I wonder if God asks us this question when we expect our behavior and will-power to please Him. In Isaiah 64:6, we're told all of our righteous acts are like filthy rags. I've heard more than one person say "filthy rag" was a polite way of saying "used menstrual pad". Imagine putting that in God's hand and expecting Him to be grateful for it.

How many of you struggle with feeling like you need to pay God back?

Friday, January 20, 2012

The Total Unfairness of Grace - Part five of Questions From The Lifehouse Youth Group.

I know some of the youths at Lifehouse struggle with the concept of grace. I notice when they feel like they haven't been "good enough". I see the look on their faces when confessing something in small groups. I've heard a few talk about observing the Sabbath as if they were wizened Hasidic men arguing over different Rabbinical interpretations. "Nu, does it begin when three or four stars appear in the sky on Friday night?"

So our youth group began reading Terry Virgo's book Enjoying God's Grace, a summarized version of his book God's Lavish Grace. As we talked, the youths asked a lot of questions. We talked for so long parents and younger siblings poked their heads in to gauge how long they would have to wait.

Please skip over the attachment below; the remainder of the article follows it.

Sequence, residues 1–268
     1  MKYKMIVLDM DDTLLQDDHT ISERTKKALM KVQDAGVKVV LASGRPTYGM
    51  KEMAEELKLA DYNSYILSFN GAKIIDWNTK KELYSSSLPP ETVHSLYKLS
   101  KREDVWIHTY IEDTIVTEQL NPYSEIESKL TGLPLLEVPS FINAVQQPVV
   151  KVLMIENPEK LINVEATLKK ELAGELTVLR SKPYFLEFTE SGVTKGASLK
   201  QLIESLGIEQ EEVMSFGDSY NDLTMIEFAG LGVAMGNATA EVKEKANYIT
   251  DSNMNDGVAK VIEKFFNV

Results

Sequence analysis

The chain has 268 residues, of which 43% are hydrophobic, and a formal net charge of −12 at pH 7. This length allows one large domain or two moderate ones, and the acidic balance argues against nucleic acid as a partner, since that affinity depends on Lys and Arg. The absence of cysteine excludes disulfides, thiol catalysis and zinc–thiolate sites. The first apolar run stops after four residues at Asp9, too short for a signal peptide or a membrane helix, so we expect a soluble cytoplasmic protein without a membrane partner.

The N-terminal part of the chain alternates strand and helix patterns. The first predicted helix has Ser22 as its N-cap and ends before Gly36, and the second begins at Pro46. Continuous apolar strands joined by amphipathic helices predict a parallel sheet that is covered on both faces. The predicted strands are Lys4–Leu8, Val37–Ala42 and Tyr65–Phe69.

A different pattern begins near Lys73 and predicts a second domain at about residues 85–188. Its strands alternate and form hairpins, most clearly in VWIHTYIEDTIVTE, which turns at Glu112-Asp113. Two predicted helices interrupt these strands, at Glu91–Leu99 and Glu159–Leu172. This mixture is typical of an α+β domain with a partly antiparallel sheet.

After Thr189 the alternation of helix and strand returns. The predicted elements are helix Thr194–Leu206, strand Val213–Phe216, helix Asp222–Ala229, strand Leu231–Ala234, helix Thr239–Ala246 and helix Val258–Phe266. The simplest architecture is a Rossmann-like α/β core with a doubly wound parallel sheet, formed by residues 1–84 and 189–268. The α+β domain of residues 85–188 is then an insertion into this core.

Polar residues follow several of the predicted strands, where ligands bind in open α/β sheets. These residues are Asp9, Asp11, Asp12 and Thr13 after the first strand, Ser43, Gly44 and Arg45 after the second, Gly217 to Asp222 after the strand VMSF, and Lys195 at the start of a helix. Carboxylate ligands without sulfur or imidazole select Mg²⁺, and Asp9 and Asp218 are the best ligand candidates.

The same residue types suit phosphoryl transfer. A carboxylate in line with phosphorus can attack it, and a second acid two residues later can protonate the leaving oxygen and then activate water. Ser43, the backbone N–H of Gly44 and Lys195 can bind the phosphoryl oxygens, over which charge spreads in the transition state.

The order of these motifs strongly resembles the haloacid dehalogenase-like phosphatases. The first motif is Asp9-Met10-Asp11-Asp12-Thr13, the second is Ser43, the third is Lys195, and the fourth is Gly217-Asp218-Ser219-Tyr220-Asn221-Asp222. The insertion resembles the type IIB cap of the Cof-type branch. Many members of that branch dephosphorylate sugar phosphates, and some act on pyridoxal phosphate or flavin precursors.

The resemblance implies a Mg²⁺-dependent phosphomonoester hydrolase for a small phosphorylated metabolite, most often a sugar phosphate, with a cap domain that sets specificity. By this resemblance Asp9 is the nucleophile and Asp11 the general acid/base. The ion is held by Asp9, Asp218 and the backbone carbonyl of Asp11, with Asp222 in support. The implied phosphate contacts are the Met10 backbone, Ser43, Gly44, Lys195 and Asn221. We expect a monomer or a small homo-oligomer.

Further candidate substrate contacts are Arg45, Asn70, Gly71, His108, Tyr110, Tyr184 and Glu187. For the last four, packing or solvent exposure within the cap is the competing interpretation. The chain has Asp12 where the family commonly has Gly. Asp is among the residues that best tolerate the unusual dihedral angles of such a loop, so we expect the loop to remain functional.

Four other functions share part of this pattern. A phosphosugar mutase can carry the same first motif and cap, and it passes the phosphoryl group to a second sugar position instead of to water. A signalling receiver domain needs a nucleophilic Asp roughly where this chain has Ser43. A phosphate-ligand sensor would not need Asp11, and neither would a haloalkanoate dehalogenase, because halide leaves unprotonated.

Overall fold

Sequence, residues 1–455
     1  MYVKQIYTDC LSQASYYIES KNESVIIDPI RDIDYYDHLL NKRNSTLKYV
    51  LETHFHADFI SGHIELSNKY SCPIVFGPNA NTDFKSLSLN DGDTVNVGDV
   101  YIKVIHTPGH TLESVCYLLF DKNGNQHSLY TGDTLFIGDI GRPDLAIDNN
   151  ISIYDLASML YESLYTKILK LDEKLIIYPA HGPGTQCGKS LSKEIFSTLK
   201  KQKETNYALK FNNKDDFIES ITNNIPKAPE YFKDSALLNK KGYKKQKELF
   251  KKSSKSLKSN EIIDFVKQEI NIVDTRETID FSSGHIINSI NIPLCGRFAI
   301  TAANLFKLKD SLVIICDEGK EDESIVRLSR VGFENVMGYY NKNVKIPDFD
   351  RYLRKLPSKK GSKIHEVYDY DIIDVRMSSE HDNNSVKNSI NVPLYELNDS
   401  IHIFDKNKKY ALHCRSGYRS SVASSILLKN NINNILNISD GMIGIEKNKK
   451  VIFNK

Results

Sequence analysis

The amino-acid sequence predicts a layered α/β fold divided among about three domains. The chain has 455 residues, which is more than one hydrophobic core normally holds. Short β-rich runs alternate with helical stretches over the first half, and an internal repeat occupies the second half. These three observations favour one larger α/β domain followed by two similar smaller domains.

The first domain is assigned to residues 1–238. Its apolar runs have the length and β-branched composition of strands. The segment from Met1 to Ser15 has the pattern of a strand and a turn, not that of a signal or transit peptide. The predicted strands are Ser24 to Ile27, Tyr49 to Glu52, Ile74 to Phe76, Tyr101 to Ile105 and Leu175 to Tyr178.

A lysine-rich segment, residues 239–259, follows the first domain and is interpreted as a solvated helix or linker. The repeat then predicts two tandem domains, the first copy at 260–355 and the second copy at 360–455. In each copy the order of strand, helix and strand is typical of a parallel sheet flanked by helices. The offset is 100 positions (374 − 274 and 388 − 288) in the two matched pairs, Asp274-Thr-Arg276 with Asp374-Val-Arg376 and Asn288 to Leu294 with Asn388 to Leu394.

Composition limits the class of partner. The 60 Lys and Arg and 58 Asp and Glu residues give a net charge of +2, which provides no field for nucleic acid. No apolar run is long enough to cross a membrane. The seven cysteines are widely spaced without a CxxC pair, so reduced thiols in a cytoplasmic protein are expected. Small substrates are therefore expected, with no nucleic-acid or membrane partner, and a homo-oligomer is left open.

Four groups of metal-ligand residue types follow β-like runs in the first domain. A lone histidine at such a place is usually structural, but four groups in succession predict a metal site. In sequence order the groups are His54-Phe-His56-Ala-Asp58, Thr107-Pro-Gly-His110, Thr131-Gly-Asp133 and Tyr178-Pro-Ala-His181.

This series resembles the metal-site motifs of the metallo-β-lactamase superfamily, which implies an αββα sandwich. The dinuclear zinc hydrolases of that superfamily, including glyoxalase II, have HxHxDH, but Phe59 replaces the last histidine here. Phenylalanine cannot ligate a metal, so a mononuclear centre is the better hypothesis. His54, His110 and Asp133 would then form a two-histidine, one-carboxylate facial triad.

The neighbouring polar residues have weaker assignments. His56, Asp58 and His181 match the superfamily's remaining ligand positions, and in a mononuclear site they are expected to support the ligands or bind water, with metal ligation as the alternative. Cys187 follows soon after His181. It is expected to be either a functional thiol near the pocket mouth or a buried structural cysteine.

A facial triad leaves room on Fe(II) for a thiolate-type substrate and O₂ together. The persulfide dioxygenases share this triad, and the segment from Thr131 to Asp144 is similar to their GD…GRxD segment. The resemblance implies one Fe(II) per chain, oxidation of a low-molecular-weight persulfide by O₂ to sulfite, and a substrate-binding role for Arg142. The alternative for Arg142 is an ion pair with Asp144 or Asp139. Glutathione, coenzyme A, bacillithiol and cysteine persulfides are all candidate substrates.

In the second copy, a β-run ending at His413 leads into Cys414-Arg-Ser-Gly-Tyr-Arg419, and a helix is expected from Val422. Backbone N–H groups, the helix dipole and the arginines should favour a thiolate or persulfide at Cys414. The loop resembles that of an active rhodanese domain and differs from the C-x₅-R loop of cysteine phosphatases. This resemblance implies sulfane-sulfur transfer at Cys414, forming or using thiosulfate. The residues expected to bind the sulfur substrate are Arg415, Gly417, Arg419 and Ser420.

I think our youths expressed widely shared concerns. Teenagers, adults, Christians, we all want to perform well. I'll bet even Stephen Malkmus practices that sweet adolescent crack in his voice. In Enjoying God's Grace, Virgo writes, "The Old Covenant focus was on performance, and Jesus's performance completely satisfied his Father. If God looks on his Son and through him accepts us, how can we gain God's extra approval by returning to a treadmill of dead works? We can't."

People often criticize Christianity as an endless set of rules, and some denominations aren't helping to set the record straight, but I don't think God cares how well we perform or how much we produce. I don't think we'll get a bigger and better golden mansion with hot chocolate fountains in Heaven just because we swore less or refused to drink (let alone enjoy) beer. I have no idea where the concept of Beverly Hills Heaven developed, but I don't buy it.